Making Sense of the Senses, Part 1

By Wil Forbis

Jan 1, 2011

The Our Wacky Brain collection:

In my first "wacky brain" article, I argued (or more correctly, regurgitated other people's arguments) that emotions were nothing more than sensory experiences. I blithely stated that the emotional experience could be neatly summed up as the activation of various nerves (particularly nerves related to the sensations in our viscera) and that there was no additional component such as an ethereal spirit or mind (as is often posited by those with a more romantic viewpoint.)

This presumption brings up an interesting question: how do we sense the world? We all have a general understanding of how eyes, ears, noses, tongues etc. work, but now is a good time to dig a little deeper into the workings of our senses (or sensory "modalities," to use a term often thrown around by scientific eggheads.)

Of course, discussing the operation of our sensory organs with any level of detail is beyond the scope of a single article --- entire books have been written on the eyes alone. I'm going to provide a general overview of each sense and then include links for further investigation.

Before I dive into a discussion of the individual senses, I want to throw out one warning. Neuroscience has a pretty good understanding of what's happening on a functional and physiological level when we use our senses. The experience of sight, for example, can be explained in terms of nerves in the retina sending signals that activate networks of neurons in the parts of the brain responsible for vision. But that doesn't explain sensations from an experiential viewpoint. Why do we experience red as red? Why do we hear C sharp on the piano the way we do? Why does cold feel the way it does? These are still unanswered questions (though there are theories) and worth keeping in mind.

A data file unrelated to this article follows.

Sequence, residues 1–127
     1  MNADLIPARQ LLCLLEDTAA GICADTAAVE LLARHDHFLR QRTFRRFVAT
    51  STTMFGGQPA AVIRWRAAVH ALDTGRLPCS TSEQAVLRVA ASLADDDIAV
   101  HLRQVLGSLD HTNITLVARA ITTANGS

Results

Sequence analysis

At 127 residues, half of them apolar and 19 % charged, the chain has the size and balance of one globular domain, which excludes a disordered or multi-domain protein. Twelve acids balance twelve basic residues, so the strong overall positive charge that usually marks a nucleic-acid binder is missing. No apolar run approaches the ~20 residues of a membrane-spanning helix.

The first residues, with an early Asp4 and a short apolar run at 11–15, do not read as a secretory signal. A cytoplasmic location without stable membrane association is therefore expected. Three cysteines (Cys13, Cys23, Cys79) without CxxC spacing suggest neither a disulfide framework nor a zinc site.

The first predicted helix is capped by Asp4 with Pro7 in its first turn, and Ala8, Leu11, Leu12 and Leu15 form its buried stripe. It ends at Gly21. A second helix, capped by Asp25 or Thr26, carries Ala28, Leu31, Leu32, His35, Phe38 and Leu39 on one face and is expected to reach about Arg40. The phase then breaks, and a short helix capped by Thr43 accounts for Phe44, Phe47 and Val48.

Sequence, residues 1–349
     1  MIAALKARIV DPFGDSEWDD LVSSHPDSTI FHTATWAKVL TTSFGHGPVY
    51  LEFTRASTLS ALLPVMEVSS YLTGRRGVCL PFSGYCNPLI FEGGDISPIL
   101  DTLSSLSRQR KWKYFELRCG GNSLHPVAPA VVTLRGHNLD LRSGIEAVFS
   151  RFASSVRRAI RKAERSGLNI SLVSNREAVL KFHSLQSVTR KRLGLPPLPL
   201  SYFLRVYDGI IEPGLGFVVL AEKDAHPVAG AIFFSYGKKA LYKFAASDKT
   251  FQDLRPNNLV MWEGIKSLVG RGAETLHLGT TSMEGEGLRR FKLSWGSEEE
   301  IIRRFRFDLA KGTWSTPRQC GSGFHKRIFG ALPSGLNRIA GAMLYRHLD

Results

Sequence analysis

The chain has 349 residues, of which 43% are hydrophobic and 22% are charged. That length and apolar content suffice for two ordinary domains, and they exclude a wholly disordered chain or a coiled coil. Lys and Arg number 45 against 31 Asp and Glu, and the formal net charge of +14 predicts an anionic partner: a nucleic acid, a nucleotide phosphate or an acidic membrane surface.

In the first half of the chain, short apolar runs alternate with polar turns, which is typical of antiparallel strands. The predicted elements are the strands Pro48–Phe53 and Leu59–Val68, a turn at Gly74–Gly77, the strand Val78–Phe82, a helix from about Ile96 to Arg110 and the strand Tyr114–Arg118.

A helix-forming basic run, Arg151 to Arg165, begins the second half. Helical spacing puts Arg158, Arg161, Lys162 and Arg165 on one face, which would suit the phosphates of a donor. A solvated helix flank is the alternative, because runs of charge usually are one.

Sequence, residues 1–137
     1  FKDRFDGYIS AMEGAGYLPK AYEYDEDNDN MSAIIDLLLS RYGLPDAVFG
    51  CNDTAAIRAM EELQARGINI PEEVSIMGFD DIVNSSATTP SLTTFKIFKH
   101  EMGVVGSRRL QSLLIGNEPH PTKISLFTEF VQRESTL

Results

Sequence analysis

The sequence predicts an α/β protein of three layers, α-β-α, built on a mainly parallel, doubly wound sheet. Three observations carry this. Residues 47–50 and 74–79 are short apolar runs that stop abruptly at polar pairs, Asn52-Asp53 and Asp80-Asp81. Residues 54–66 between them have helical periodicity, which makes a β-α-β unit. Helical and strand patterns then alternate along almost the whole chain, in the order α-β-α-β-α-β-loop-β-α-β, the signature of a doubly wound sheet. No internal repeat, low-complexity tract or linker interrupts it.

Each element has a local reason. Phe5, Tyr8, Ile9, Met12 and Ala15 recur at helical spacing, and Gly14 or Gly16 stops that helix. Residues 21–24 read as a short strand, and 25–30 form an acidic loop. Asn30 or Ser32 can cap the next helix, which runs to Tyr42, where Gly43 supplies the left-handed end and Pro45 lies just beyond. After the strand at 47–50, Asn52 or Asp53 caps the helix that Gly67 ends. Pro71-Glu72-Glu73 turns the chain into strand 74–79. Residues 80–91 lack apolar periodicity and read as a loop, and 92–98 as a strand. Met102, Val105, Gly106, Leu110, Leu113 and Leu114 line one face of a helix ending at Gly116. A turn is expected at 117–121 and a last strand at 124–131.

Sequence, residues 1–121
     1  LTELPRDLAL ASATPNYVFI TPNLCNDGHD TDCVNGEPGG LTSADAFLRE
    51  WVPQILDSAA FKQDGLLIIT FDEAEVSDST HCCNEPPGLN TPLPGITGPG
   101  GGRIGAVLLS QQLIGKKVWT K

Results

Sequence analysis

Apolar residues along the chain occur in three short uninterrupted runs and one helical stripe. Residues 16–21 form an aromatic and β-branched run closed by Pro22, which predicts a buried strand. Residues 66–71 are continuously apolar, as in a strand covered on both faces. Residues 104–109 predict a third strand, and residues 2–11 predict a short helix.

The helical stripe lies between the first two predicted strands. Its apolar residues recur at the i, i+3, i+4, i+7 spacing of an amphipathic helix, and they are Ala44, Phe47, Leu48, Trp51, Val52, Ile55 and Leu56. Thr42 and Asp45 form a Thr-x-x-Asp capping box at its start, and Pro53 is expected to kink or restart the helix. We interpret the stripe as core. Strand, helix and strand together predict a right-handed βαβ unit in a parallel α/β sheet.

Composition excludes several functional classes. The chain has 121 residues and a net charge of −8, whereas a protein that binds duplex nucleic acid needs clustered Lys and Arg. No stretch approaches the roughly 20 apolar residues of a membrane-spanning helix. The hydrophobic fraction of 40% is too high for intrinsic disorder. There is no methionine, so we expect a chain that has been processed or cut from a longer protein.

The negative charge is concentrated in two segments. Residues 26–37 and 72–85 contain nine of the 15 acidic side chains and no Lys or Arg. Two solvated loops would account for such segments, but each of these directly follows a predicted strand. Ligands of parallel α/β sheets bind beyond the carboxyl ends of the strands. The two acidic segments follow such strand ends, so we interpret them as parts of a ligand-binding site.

If there's a general architecture that can describe all the senses, it's this: sensory organs perceive information about the world and then pass it to the brain through nerves. The eyes are perfect example. Light waves hit a sheet of light-sensitive cells in the back of the eye called the retina. Different retina cells respond to either color or brightness, and send this information to the brain via two optic nerves (one for each eye.)

The retina can be thought of as a miniaturized representation of the same view the eye "sees." (It's an inverted view --- a red dot in the upper left-hand corner of your field of vision will stimulate a retinal neuron in the lower right-hand part of the retinal sheet --- it's up to the brain to flip things around later. The prominent graphic at this link provides a nice view of things.) If nature wanted to keep things simple, it could have decided to pass that representation through the optic nerve to another network of neurons in the brain and somehow form a camera ready image in your consciousness. But nature seldom like simplicity; instead there are many neural networks in the brain that process vision and each of them handles specific elements of the image you are looking at. Some handle brightness, some straight lines, some color, some curves, some motion etc.